The title likely leads you to believe I'm going to discuss large enterprises, large processes and heavy bureaucracies that either don't deliver at all or they deliver poorly from every perspective except the Project Manager's metric sheet. You're right. However, the conversation is perhaps from a perspective unanticipated. What I'm discussing below is the fragile, clunky, fractured world-view evolution of historical assembly line companies into the realm of software. Any person who believes because they understand assembly line flow, they therefore understand software is a fool. Do I have your attention?
While in Israel for some classwork in 2011 I had the privilege of talking with Eli Goldratt one month before he passed away. During that meeting he candidly told me that Theory Of Constraints (TOC) was never intended to be just for manufacturing, though because of his book "The Goal", it was characterized as manufacturing from the published birth of the material. In fact, he originally envisioned it to apply to anything that requires delivery flow. Business, software, hardware and manufacturing are only conversation points. They are all the same in terms of:
- they are intended to deliver something according to specification;
- delivering according to specification then allegedly elucidates planned revenue; and
- delivering with managed flow decreases waste thereby increasing profitability.
We can thank Henry Ford for his ground-breaking work in linear assembly line construction and flow. We can further thank Taiichi Ohno for taking the Henry Ford assembly line model and evolving it into a non-linear pull-by system now known as Kanban. And Eli Goldratt then took both Henry Ford and Taiichi Ohno's materials and evolved them yet further in terms of how to increase system-level flow by eliminating both system and component-level waste. Managing flow looks something like this:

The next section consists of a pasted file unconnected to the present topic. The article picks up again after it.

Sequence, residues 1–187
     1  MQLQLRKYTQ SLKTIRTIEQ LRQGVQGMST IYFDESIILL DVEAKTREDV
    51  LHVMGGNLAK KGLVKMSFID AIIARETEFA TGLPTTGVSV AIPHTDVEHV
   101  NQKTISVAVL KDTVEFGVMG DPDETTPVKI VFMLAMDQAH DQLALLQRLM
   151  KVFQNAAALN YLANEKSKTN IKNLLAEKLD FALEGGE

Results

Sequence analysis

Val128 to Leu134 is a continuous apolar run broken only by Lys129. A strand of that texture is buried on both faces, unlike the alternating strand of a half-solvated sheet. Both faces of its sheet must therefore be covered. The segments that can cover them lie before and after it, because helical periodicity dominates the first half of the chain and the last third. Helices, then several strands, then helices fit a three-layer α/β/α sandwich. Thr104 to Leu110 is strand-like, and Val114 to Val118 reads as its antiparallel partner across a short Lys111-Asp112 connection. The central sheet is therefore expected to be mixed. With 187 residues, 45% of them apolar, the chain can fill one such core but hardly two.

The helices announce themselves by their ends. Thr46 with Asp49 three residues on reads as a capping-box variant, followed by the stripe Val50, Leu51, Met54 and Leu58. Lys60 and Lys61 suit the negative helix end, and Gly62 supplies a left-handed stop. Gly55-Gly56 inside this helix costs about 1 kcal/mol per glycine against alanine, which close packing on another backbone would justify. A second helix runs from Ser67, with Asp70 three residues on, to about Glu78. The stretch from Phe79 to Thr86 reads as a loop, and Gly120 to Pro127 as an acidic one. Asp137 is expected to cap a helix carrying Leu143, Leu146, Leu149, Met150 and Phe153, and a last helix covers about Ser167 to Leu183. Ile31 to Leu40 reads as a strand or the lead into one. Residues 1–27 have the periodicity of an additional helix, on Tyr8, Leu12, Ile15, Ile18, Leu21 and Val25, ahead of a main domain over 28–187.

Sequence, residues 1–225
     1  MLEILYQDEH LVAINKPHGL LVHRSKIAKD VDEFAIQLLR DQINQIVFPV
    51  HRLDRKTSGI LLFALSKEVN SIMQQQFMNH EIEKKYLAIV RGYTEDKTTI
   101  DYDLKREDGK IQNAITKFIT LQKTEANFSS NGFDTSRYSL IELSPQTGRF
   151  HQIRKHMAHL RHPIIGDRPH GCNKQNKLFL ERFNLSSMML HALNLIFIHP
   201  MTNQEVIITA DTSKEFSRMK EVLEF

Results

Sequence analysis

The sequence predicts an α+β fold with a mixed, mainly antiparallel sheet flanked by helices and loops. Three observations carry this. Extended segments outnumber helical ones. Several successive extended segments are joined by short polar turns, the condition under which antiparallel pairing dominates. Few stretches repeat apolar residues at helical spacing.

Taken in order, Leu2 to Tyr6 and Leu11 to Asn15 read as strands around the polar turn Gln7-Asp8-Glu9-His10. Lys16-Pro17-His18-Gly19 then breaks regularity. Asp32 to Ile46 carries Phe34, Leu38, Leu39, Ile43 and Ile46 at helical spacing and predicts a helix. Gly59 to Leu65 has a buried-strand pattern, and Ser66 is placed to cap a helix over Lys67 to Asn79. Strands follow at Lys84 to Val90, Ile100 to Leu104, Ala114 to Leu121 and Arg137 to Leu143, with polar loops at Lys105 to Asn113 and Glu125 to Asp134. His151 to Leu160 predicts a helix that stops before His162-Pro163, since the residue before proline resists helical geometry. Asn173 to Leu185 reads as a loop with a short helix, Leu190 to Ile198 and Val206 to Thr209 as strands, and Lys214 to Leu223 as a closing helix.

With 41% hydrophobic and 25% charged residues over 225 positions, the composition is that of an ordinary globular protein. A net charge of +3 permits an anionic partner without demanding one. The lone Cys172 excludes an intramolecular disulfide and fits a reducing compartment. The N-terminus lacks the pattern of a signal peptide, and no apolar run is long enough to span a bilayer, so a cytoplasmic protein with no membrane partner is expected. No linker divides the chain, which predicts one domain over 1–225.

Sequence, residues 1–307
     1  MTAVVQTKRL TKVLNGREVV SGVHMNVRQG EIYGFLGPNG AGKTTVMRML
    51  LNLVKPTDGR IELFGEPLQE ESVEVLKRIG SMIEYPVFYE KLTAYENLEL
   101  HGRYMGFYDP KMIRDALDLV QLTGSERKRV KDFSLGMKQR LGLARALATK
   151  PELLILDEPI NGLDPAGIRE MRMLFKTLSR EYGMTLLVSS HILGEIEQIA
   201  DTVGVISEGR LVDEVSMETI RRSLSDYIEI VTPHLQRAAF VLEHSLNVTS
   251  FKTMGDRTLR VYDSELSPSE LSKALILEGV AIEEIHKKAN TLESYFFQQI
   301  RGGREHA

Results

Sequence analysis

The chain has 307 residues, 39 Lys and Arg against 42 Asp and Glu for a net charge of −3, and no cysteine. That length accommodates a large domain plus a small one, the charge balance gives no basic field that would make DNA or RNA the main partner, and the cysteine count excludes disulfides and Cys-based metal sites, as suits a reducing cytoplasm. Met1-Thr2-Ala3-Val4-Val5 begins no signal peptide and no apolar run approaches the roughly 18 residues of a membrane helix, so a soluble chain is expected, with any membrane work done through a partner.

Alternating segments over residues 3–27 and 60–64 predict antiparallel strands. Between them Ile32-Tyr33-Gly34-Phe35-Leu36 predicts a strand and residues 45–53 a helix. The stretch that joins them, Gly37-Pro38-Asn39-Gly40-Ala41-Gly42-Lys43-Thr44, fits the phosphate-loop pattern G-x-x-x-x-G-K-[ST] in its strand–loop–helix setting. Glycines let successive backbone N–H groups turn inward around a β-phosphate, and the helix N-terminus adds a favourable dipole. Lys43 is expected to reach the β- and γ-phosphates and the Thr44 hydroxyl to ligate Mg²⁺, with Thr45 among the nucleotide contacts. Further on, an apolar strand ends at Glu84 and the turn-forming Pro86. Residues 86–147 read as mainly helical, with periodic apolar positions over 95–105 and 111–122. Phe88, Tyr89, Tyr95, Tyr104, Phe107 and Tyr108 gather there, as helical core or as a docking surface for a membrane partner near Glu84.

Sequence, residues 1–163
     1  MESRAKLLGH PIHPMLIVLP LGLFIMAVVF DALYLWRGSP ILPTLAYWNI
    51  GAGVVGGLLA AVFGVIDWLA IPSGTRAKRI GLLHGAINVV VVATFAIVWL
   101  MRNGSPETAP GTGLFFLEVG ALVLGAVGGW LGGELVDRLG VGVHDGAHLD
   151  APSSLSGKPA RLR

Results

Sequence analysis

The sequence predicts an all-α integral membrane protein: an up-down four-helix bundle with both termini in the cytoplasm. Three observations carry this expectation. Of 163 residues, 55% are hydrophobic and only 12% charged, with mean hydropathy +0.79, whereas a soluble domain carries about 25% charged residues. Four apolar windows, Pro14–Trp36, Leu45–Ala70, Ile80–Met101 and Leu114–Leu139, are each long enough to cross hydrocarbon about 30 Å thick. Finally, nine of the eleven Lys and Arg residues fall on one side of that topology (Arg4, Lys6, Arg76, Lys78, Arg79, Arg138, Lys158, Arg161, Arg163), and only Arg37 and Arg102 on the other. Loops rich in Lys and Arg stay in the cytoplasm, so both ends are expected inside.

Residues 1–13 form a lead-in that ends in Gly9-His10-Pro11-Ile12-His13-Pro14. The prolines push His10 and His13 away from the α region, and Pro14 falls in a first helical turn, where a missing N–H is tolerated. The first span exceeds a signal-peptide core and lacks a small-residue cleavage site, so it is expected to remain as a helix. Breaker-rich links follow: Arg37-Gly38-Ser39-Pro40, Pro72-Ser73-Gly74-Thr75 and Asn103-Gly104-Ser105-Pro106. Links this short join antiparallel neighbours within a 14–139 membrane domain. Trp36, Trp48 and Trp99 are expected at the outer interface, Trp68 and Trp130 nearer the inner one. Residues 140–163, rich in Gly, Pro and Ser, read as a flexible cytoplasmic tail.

THEN planned revenue;
ELSE revenue loss through operational waste.
I discussed this in another blog post titled, Managing Flow and later in a book titled Fundamentals of Software Company Operations in more detail. Some manufacturing theory can and does apply to software. However, it isn't understood well enough to do it correctly or successfully as it forces manufacturers to adapt to a new form of systems thinking.
Assembly line companies like Ford and Toyota have excellent histories of hard-product assembly line evolution. Entire enterprise cultures and academic bodies of knowledge have borne up around their successes. Now these companies, including others like Caterpillar, Vermeer, John Deere and more, have a new challenge. Higher and higher percentages of these historically big iron and aluminum (aluminium for some of my non-American English speaking friends) assembly line companies are now composed of software. Much of it embedded for fixed sensors. However, more and more of it represents a very-large ubiquitous software ecosystem. The internet and everything that goes along with it.
At some point very near today, the cost of building, delivering and supporting software will represent more of the delivery and operational cost of a car, truck, tractor, grader or directional drill than the hardware and hardware assembly line combined. And software moves at a far quicker change velocity than anything the big iron hardware world has ever had to solve. However, because of the historical success of the manufacturing industry such as at Ford and Toyota, leadership in these companies will believe they are giants. And software to them will (does) look no more complicated than another physical feature they can simply design in CAD, manufacture to specification and deliver without environmental variability.
These companies, who have typically and historically led and evolved the manufacturing world with total-earth domination, will fail because they choose to short-sightedly treat software as a factory behaviour.
Q: How do you take the success of assembly line production and translate it into software production?
In the follow-on post, we'll explore the idea of why decoupling software evolutionary behaviors from historical hard-line assembly line behaviours is necessary and what steps are necessary to get there.